Oh, there were many difficult moments — the authorities don’t want to let you in, they don’t want you to approach anyone, or they will refuse to let you do this or that, but that’s fine, we just did what we did. We felt it was absolutely necessary to tell the world what this landscape is all about. We’ll see what happens when the film comes to certain areas, such as Turkey or Israel — how some people will look at it. I’m really not sure how it will be received, to be honest. But we needed to make the film, we needed to speak the truth and to help people who have no voice. That’s all I had on my mind during the process.
As you know, what’s going on in this country right now related to this topic is just a horror show. Refugees are being vilified by our president and others in all sorts of horrible ways. Do you have hopes that your film might help change that conversation here?
Well, I hope it will help some people to get a better perspective about the global refugee situation. Human flow is a natural part of humanity and civilization. We need to reflect on similar situations in history. Of course this country was basically built by immigrants and refugees. And the foundation, the very idea of this nation, was all about everyone being created equal. Violating those ideas to create policies and tactics that push these people in need away sets up a very bad situation, not only for the refugees, but it’s also very bad for the United States as a nation and how it looks at its own dignity, confidence, and place in the world.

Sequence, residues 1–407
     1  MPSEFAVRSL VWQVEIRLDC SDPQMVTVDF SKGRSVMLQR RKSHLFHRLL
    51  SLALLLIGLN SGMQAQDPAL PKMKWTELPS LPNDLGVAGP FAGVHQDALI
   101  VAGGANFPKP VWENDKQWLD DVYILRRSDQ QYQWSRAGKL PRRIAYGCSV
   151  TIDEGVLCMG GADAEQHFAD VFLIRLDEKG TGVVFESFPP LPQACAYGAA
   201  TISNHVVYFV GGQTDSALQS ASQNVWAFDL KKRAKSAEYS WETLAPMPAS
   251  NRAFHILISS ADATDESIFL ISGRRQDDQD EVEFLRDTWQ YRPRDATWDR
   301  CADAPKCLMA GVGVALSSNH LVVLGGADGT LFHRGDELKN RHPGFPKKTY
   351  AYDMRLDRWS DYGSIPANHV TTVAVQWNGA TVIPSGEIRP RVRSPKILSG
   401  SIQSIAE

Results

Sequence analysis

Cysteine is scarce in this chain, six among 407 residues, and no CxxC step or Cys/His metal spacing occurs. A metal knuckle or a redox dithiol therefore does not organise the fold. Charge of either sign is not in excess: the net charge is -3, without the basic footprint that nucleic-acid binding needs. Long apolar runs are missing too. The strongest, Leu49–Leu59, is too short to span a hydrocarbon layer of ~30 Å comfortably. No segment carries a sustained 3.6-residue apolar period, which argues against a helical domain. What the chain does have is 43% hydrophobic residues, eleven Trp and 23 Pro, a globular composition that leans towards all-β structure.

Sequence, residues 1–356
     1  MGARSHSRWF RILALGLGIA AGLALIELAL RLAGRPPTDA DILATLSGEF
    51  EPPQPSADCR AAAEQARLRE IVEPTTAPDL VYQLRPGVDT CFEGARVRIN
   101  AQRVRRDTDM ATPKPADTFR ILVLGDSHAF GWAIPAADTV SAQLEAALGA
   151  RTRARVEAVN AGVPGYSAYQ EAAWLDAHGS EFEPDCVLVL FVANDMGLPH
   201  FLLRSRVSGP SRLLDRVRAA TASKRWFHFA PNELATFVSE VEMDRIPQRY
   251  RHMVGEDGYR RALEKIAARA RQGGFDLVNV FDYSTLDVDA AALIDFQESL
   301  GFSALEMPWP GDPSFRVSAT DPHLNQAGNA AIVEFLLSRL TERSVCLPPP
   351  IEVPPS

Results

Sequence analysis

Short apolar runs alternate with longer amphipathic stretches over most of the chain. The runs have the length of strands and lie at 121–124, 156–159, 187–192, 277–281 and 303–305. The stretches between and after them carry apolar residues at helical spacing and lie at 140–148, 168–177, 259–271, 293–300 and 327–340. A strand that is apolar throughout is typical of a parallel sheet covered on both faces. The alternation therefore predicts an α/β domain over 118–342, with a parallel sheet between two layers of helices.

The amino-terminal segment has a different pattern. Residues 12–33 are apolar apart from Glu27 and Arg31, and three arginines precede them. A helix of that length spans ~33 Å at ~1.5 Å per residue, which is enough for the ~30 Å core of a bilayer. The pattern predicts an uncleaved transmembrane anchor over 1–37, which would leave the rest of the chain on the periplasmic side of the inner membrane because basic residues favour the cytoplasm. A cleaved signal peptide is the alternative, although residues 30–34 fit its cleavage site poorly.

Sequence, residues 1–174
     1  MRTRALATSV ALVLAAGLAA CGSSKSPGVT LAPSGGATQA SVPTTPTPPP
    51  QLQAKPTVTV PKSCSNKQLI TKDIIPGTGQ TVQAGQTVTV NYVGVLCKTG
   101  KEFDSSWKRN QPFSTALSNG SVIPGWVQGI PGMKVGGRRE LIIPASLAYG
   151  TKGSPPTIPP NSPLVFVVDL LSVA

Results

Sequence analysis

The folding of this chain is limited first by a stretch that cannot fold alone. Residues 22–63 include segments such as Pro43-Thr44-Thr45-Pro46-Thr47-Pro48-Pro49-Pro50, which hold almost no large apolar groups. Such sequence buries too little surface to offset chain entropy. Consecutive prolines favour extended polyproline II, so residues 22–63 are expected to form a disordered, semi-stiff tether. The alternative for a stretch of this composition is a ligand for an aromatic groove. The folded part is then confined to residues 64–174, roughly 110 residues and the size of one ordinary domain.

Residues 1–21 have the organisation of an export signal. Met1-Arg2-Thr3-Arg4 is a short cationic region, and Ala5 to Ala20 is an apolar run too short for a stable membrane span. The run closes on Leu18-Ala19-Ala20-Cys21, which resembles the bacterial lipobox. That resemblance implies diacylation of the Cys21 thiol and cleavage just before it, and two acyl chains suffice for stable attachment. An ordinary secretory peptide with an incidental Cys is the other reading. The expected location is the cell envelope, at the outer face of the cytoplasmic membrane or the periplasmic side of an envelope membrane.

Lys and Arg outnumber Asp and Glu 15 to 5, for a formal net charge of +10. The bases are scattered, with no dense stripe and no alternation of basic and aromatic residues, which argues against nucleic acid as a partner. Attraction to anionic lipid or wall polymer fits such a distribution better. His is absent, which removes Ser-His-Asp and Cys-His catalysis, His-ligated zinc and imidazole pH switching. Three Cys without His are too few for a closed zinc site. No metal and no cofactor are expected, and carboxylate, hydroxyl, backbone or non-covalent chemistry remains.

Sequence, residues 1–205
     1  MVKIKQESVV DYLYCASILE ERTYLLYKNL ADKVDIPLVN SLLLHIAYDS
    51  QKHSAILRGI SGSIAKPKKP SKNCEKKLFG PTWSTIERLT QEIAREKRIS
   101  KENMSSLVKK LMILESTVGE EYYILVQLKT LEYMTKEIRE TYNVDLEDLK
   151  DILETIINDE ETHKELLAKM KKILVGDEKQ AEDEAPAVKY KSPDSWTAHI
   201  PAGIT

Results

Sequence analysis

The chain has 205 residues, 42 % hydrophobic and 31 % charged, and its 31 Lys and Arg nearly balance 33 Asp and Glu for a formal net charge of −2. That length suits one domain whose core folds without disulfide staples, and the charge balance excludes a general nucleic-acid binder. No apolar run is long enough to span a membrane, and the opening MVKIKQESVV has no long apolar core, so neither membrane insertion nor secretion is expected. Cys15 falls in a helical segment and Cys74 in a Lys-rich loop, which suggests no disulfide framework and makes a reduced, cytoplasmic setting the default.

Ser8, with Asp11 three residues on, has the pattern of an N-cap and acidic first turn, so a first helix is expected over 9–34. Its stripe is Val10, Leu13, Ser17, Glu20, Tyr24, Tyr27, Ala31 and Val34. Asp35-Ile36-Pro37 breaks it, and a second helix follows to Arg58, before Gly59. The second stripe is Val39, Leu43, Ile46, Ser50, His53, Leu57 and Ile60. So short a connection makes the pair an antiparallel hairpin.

What would you say to the people in this country and elsewhere who are busy stoking fears about refugees.
I think those fears come from a lack of understanding about humanity. We have to work to understand that better. If you really look at these people, if you really spend time with them, you immediately see that they are no different from us. They are people who want to protect their children, they are brave people who are willing to leave everything they know and to go out into the unknown to find better lives. They are not beggars, they have dignity, they have dreams. That’s why I wanted to make this film. Are these really dangerous people or are they simply people with whom we desperately need to share some humanity?